This is part 1 of a series of articles five articles dealing with Leases under the IFRS for SMEs and also the VAT and Income Tax treatment thereof.
The new IFRS 16 Leases changed the accounting treatment of leases for entities applying the full International Financial Reporting Standards. However, lease accounting under the IFRS for SMEs was not affected and stayed the same. In periods of change it is often good to just sit back and remember the things we know. The purpose of this series of articles is to take you back to the basics of lease accounting under the IFRS for SMEs by revisiting the lease accounting principles we know. So, sit back in front of the fireplace, kick out your shoes, take a sip of your hot chocolate and remember the good old lease accounting (which is still relevant for SMEs)!
What is a lease?
Lease agreements are quite common in business and our personal lives, ranging from leases/rentals of office space or accommodation, office equipment, cell phone contracts, car rentals, etc. A lease is defined in the IFRS for SMEs as “an agreement whereby the lessor conveys to the lessee in return for a payment or series of payments the right to use an asset for an agreed period of time”. It is important to the note that the definition incorporates any agreement (legal lease agreements and others) whereby the right of use of an asset is transferred to the lessee. Such “other” agreements may in substance be a lease of an asset (irrespective of the legal form thereof). Accountants need to be aware of the possibility that other agreements may in fact be, or contain a lease, and account for it accordingly. An example may be outsourcing arrangements whereby, in substance, the company is obtaining the right to use an asset, in addition to other services being received.
Both parties to a lease should classify a lease as a finance or operating lease at the inception of the lease, while considering the substance of the lease agreement:
- A lease is classified as a finance lease if it transfers substantially all the risks and rewards incidental to ownership.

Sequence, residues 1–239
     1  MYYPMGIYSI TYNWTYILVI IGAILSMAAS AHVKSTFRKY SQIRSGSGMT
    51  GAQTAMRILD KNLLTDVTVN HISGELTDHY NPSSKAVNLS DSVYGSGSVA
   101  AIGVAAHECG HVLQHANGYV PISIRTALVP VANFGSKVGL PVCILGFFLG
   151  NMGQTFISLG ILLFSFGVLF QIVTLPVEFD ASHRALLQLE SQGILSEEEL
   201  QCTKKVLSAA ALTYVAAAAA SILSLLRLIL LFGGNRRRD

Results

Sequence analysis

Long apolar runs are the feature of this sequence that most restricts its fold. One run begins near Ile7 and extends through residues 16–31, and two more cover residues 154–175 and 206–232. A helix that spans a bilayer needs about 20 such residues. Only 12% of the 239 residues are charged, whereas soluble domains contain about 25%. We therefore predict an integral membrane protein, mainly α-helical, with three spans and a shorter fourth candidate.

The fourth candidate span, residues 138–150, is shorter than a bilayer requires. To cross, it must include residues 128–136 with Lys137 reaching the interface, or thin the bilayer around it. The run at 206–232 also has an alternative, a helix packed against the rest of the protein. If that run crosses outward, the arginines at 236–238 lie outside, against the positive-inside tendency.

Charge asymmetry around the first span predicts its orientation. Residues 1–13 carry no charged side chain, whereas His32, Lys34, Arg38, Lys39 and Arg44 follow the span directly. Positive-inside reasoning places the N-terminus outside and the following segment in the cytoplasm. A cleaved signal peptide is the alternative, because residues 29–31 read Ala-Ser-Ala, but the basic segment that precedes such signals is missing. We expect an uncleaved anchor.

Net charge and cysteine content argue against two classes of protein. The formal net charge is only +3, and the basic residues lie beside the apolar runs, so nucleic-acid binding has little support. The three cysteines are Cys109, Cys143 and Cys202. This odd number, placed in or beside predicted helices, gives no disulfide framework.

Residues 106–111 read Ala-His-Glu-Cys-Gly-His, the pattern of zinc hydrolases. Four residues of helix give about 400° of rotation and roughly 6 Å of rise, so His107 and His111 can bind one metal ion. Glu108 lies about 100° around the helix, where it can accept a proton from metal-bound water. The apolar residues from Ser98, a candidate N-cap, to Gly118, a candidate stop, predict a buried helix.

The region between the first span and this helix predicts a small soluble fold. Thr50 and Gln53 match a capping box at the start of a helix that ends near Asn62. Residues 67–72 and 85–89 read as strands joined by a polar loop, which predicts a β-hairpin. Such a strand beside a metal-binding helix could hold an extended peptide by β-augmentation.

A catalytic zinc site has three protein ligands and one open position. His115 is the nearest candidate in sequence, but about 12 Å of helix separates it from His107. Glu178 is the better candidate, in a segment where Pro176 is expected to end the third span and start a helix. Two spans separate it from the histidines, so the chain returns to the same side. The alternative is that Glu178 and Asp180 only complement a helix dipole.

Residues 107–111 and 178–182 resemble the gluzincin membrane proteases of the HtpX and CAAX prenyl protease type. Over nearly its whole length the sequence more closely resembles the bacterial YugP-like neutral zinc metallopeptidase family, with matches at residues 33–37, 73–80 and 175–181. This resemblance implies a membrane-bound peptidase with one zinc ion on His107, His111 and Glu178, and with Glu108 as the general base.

A lease is classified as an operating lease if it does not transfer substantially all the risks and rewards incidental to ownership.
From these definitions it is clear that the main consideration is whether the risks and rewards incidental to ownership are transferred from the lessor to the lessee. This basically means that a finance lease is treated as a sale/purchase of an asset, with financing (a loan) that is paid off over a period of time.
In addition to the overall consideration in the classification of a lease, specific guidance and examples are also given in Section 20 of the IFRS for SMEs to assist accountants in classifying a lease. The following aspects may indicate that the lease is to be classified as a finance lease (please note that in the right hand column the examples below the table are considered against these indicators):
|Indicators / Example||Example 1: Plant||Example 2: Offices|
|The lease transfers ownership of the asset to the lessee by the end of the lease term (other than a market related purchase thereof at the end of the lease term);||Ownership is not transferred.||Ownership is not transferred.|
|The lessee has the option to purchase the asset at a price that is expected to be sufficiently lower than the fair value at the date the option becomes exercisable for it to be reasonably certain, at the inception of the lease, that the option will be exercised;||Not applicable.||Not applicable.|
|The lease term is for the major part of the economic life of the asset even if title is not transferred;||6 / 7 years is a major part of the economic life.||5 / 40 years is not a major part of the economic life.|
|At the inception of the lease the present value of the minimum lease payments amounts to at least substantially all of the fair value of the leased asset;||The present value is calculated to be R791 835 (1), which is considered to be substantially all of the fair value (R800 000).||The present value is calculated to be R2 525 100 (2), which is not substantially all of the fair value (R10 000 000).|
|The leased asset is of such a specialised nature that only the lessee can use it without major modifications;||The asset was indeed modified to suit the unique needs of the lessee.||The offices are standard and can be used by anyone.|
|If the lessee can cancel the lease, the lessor’s losses associated with the cancellation are borne by the lessee;||Cancellation will result in substantial penalties to be paid by the lessee.||Cancellation will result in penalties, but it would not be substantial.|